Court Ruling Makes Some Forms of Spam Legal

Written by Sue Walsh on August 19, 2011

A U.S. Appeals court has ruled that protesters may clog a company’s email system with spam and not run a foul of anti-spamming law.  Under the U.S. Fraud and Abuse Act, companies are protected from hacking, phishing, and related malicious activities but the court ruling says people are not legally prevented from using public communication device such as phones and email to protest a company’s action, even if that protest results in disruptions to that company.

The ruling came about after a union called LIUNA (Laborers’ International Union of North America) launched a protest against a Michigan-based company called Pulte Homes. The protest involved flooding the company with emails, so much so that their network just couldn’t handle the traffic and choked, resulting in their ability to do business being sharply curtailed. In short the spam flood acted like a DDoS attack. Pulte sued and won, but the Appeals court overturned the victory.

By the court’s account, the union’s actions did not constitute a malicious, illegal DoS-style hack, because the protesters weren’t, for example, surreptitiously and illegally attacking protected back-end infrastructure recognized as off limits to the outside world. Also, the emails didn’t constitute spam, either. Spam, under CAN-SPAM, constitutes unsolicited commercial messages and exempts “transactional or relationship messages.” By that definition, it’s legitimate for a person to send letters and make phone calls to a company to, say, complain about its business practices.

This is an interesting and potentially troubling ruling. What’s to keep a malicious group or individual from using it to intentionally harm a company? It may force companies to invest more deeply in their network and email systems – something that many may not be prepared to do in these tough economic times. We want to know what you think about this. Leave a comment with your thoughts!

Comments

Greg Watt August 19, 2011

I suppose it is a non-violent method of disrupting business much like picketing outside of a store entrance, the difference being that spamming someone’s email is a lot like going into said store and dumping bags of trash all over the place. This is an extremely controversial ruling and I don’t know quite how I feel about it just yet.

John Plumridge August 20, 2011

I understand your point of view but it may also mean companies try to work as ethically as possible, take care of the environment and generally try and manage their reputations properly.

I think there will be a difference made between genuine complaints and a malicious campaign.

Regards
John

Andy E. August 22, 2011

Well, in my own opinion, the actions done by the protesters can’t be considered as spam because it’s a form of protest. The defendants are only exercising their right to freedom of speech against a company that treats its employees with unfair and unjust practices.

The Court of Appeals is right. The protesters did not plan, initiate, and acted a DoS-style hack attack. Pulte Homes should learn more about CAN-SPAM. They ought to.

Joseph August 22, 2011

It’s wrong, plain and simple; the ruling is incorrect and runs against the spirit and letter of the law. You do NOT have the right to ruin someone else’s property, person or well being, and protection of free speech does not include damages. The ruling apparently said it was not a denial of service attack because it wasn’t “attacking protected back-end infrastructure recognized as off limits to the outside world.” Really? Is that the same as breaking a store windown, but not going after the cash register?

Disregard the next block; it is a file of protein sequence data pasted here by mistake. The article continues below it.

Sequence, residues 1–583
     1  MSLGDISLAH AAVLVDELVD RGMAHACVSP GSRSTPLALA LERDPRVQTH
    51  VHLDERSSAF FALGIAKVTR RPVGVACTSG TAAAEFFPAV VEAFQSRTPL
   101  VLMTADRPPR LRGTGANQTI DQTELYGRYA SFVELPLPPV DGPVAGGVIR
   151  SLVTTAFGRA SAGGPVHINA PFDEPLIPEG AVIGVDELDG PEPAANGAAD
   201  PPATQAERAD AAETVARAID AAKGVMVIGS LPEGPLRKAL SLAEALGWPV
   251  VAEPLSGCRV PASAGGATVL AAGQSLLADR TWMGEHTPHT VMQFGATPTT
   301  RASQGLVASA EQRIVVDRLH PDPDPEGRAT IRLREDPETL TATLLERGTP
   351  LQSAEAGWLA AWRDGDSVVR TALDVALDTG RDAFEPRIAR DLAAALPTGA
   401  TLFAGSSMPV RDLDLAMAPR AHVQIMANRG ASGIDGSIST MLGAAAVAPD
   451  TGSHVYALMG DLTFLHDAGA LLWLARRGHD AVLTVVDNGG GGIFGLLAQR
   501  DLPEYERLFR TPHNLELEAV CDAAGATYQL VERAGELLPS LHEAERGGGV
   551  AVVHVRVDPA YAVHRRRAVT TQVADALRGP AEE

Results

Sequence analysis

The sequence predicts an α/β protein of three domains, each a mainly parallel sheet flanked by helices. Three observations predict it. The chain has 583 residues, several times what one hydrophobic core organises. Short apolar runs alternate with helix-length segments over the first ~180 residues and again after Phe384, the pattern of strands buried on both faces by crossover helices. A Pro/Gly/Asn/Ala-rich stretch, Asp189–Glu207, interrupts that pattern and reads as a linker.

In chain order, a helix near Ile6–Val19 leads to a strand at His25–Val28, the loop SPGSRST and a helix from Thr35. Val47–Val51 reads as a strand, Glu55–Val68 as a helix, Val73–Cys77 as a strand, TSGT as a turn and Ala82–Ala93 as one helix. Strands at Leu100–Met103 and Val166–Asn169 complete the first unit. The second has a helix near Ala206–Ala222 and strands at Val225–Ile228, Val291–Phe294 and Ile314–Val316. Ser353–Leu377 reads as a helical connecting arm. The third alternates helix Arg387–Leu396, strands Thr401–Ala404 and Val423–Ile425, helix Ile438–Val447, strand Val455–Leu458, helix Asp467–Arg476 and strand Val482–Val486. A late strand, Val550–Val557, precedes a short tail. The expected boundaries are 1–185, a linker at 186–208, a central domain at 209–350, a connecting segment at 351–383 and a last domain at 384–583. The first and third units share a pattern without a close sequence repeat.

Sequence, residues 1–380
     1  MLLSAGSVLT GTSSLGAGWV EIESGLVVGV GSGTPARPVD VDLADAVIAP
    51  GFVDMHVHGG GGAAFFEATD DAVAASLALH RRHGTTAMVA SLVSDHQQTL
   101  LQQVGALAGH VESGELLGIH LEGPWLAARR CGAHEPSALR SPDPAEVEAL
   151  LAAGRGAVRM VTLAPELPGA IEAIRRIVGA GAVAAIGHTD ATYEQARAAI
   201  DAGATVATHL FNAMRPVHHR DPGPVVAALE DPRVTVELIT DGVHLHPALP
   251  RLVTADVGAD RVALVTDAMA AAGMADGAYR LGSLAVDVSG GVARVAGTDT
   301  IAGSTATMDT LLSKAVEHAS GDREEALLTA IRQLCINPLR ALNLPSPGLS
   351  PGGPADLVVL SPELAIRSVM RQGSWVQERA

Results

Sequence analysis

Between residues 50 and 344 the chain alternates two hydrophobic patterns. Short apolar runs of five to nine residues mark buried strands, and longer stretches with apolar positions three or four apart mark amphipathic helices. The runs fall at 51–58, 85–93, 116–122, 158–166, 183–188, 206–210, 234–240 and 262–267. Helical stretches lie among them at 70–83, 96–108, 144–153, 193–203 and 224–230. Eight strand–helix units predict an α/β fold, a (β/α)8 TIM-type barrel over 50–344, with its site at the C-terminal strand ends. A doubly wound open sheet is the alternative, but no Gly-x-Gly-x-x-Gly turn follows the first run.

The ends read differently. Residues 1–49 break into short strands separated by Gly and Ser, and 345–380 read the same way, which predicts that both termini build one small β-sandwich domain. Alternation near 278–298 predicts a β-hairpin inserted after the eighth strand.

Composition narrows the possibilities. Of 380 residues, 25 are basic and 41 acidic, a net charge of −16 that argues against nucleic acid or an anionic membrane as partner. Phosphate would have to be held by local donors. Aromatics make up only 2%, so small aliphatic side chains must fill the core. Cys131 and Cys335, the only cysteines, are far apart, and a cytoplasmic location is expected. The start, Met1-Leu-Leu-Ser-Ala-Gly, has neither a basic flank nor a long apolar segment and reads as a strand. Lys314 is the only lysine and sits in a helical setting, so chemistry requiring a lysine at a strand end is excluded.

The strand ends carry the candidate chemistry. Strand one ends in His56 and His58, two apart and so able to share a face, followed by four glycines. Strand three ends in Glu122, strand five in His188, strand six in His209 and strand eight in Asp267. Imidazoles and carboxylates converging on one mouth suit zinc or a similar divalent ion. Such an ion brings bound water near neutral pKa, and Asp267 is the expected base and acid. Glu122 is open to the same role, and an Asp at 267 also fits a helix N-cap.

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Jim August 22, 2011

In my mind it would depend on the mechanism. If 10 thousand individuals each sent a single e-mail or two the it would not be spamming. If, instead, someone used just a few machines to send the same message over and again, then it would be spamming.

Individuals writing a company that they do business with is supposed to improve the product or service that the company provides. If LIUNA sent the same message over and over, then they were not going to improve anything…only protest, so it was likely counterproductive to them.

Kind of silly in the overall result.

Neil Mac August 23, 2011

I think the point is “the court ruling says people are not legally prevented from using public communication device such as phones and email to protest a company’s action” it does not protect those taking such action in a malicious way. To me it is quite specific in using the term protest.

rv August 25, 2011

Is it illegal to forward spam being send to you back to the spammer? I get hundreds of spam messages from one company any nothing I have done so far has stopped them for any of my clients. these guys uses roving affiliate marketers but all the messages links views right back to the Genie Bra people. If inform the spammer that I will forwarding all spam that I previously.requested to be stopped received right back to them? The FTC web site says that CAN-SPAM does not protect people hiding behind affiliate marketers.

Sam Smith August 30, 2011

These actions aren’t spam – they don’t profit from sending the emails. It is true that they are a form of denial of service attack but they are also a form of protest the purpose of which is not commercial gain. Also, spam is sent to many recipients, while here it is just the opposite – many senders target one recipient.

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